“As a result of these lies, Ms. Tyler-Willie received workers’ compensation insurance benefits that that she was not entitled to receive,” Guzman said.

Tyler-Willie pleaded not guilty to all counts. If convicted, she faces 8 years and 8 months in County Prison and a fine of up to $150,000. A Disposition/Reset Hearing has been set for Jan. 16, 2015. This case is being prosecuted by Deputy District Attorney David Simon.

SB 863 Forces Large Self Insured Staffing Company to Secure Insurance

Legislators were concerned about unmanageable workers’ compensation losses by staffing companies who were “self insured” in California, and as part of SB 863 required them to become insured as of the end of this year. Perhaps this legislative premonition was well founded. Shares of Vancouver based staffing company Barrett Business Services Inc. were down more than 50 percent after the company announced a big quarterly loss late last month.The Company attributed the loss to an $80 million pretax increase in self insured workers’ compensation reserves, which effectively wiped out Barrett Business Services’ pretax earnings for the past five years. As a result of this news, the Company’s stock declined more than 58%, or $26.18 per share, to close at $18.28 per share on October 29, 2014, on unusually heavy volume.

The Vancouver, Wash. company, provides a variety of business management solutions for small and medium-sized companies with fifty locations in ten states and dozens of offices in Northern and Southern California. BBSI provides human resource outsourcing and professional management consulting, BBSI said the loss resulted from setting aside $80 million for old workers’ compensation claims. “We have every reason to believe that the workers’ compensation data we have presented in the third quarter will normalize over time, proving that the strengthening process and change in practice have had the intended effect,” said CEO Michael Elich, in a news release. “Until then, we believe taking a conservative approach right now allows us to look forward and removes the obstacles of the unknowns within the model.”

A number of attorneys are investigating the company, and at least one, Glancy Binkow and Goldberg LLP, representing investors of BBSI has filed a class action lawsuit in the United States District Court for the Western District of Washington on behalf of a class comprising purchasers of BBSI securities. The Complaint alleges that defendants made false and/or misleading statements and failed to disclose material adverse facts about the Company’s operations and financial performance and prospects. Specifically, the Complaint alleges that defendants made false and/or misleading statements and/or failed to disclose that: (1) the Company under accrued its self-insured workers’ compensation reserves; (2) as a result, the Company overstated its earnings; (3) the Company lacked adequate internal and financial controls; and (4), as a result of the foregoing, defendants’ statements were materially false and misleading at all relevant times. A Los Angeles law firm says it’s investigating potential claims on behalf of shareholders of BBSI. The Wagner Firm says its investigation concerns “possible violations of federal securities laws” and focuses on statements the company made about its “financial results, operations and business prospects” as well as others across the nation. Several other law firms nationwide have issued similar press releases.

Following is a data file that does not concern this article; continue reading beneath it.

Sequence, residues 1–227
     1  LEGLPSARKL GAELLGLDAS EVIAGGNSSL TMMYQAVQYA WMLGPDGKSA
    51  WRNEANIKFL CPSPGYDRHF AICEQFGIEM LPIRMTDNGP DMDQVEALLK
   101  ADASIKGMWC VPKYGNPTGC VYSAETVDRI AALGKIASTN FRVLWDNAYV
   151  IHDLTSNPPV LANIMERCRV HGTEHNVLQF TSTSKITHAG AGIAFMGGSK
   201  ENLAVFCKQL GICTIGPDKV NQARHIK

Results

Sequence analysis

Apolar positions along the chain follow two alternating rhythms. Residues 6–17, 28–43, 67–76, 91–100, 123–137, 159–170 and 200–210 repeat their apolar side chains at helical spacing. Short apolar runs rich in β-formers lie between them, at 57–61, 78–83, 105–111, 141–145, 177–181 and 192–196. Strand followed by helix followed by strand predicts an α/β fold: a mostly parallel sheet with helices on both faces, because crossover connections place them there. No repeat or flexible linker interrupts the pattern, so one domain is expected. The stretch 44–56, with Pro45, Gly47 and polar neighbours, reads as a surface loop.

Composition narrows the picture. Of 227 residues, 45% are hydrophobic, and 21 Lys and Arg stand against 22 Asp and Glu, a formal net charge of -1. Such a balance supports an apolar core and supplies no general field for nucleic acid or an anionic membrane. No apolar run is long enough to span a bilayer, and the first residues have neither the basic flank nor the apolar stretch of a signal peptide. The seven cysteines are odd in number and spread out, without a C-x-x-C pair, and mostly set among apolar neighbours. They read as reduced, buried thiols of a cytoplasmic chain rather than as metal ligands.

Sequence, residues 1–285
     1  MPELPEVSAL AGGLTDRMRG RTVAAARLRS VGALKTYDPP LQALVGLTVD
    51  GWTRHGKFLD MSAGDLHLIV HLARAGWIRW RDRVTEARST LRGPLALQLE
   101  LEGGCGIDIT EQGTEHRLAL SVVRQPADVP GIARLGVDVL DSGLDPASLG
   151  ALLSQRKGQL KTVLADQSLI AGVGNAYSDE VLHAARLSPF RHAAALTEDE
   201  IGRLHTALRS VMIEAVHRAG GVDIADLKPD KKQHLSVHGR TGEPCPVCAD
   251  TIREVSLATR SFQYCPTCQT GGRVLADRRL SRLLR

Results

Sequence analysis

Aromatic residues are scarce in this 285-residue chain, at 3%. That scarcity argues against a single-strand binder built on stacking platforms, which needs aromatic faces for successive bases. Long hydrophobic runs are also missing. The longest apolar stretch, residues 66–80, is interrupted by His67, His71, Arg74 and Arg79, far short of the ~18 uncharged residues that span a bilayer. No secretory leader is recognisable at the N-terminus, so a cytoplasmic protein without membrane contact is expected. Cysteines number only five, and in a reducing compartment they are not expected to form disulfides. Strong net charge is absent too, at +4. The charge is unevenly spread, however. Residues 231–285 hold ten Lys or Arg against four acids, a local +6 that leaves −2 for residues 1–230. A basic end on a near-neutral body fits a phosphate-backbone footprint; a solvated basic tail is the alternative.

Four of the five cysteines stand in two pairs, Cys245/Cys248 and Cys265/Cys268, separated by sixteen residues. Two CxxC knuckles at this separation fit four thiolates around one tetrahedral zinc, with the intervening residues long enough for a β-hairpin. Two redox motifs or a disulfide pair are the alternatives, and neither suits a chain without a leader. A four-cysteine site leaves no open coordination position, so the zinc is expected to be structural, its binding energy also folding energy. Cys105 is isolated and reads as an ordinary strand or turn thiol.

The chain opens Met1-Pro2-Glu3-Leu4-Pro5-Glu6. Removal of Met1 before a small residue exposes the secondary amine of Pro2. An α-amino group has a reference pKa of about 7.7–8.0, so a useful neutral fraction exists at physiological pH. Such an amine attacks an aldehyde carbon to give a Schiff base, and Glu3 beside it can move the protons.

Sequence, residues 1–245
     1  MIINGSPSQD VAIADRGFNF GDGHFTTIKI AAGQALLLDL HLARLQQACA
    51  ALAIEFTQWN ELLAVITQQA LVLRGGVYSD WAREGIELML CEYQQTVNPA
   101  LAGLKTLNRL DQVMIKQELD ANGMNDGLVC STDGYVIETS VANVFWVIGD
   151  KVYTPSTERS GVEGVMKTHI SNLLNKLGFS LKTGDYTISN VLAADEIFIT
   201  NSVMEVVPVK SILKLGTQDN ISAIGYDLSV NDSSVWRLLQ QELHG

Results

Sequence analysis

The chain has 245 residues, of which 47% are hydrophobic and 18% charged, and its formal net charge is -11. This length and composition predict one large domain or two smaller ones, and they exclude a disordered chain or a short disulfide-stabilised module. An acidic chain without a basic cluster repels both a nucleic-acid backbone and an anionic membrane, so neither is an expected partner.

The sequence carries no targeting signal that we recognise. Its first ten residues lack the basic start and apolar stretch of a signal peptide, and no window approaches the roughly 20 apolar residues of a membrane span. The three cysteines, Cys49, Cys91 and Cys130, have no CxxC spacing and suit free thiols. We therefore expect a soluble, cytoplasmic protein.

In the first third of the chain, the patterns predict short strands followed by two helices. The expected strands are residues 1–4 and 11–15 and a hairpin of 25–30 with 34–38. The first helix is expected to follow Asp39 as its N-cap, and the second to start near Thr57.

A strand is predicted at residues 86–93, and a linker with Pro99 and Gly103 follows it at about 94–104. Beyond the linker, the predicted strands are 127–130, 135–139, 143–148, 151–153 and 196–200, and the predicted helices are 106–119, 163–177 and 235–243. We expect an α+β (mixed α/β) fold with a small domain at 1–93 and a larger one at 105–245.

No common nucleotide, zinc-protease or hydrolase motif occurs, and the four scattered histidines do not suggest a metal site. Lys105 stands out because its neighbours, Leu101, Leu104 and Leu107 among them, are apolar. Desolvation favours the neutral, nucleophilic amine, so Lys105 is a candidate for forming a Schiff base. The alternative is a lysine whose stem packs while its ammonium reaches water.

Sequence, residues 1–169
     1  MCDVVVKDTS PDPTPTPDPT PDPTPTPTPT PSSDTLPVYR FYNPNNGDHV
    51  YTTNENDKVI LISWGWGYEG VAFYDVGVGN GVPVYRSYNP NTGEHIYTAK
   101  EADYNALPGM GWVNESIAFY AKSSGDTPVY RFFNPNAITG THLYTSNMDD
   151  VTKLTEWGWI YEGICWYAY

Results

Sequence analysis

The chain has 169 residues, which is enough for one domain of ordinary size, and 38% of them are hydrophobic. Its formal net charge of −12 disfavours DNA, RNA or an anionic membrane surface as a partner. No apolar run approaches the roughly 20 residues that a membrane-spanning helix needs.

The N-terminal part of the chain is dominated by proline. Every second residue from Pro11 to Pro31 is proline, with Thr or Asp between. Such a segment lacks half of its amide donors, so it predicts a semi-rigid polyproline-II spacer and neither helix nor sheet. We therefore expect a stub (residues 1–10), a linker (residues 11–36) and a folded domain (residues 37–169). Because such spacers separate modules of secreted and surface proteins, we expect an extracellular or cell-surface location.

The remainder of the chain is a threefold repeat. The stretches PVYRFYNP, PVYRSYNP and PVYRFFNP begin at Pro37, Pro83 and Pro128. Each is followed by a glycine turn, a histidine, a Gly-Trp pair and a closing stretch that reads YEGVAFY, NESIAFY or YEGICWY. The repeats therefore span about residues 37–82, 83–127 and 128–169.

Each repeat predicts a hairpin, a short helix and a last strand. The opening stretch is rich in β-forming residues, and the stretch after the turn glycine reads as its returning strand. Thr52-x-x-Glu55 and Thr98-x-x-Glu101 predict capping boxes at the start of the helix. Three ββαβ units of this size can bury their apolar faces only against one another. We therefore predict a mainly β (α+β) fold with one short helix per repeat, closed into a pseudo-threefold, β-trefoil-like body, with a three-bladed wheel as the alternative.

Established in 1965,BBSI offers both temporary and long-term staffing to some 1,750 small and midsized businesses. Its staffing services focus on light industrial, clerical, and technical businesses. Barrett also does business as a professional employment organization (PEO), providing outsourced human resource services, such as payroll management, benefits administration, risk management, recruiting, and placement for more than 1,500 clients. Each year about 90% of its PEO revenue comes from customers residing in the states of California and Oregon. Barrett depends mostly on the light-industrial sector for the majority of its staffing services revenue (the sector represented 86% of its total revenue in 20010). Its light-industrial workers operate machinery and perform manufacturing, loading and unloading, and construction-site cleanup tasks.

The Company is a self-insured employer with respect to workers’ compensation coverage for all of its employees (including employees co-employed through client service agreements) working in California, Oregon, Maryland, Delaware and Colorado, with some exceptions. The Company maintains excess workers’ compensation insurance through its wholly owned captive insurance company, Associated Insurance Company for Excess (“AICE”), with a per occurrence retention of $5.0 million, except in Maryland and Colorado.

In February, 2014, BBSI entered into a workers’ compensation insurance arrangement with ACE to provide coverage to BBSI employees in California beginning in the first quarter of 2014. The agreement will be effective through January 2015 with the potential for annual renewals thereafter.The arrangement, typically known as a fronted program, provides BBSI a licensed, admitted insurance carrier in California to issue policies on behalf of BBSI without the intention of transferring any of the worker’s compensation risk for the first $5.0 million per claim. The risk of loss up to the first $5.0 million per claim is retained by BBSI through an indemnity agreement. While this portion of the risk of loss remains with BBSI, ACE assumes credit risk should BBSI be unable to satisfy its indemnification obligations to ACE. ACE also bears the economic burden for all costs in excess of $5.0 million per claim. The arrangement with ACE addresses the requirements of legislation enacted in California in 2012 (Senate Bill 863) under which the Company cannot continue its self-insurance program in California beyond January 1, 2015.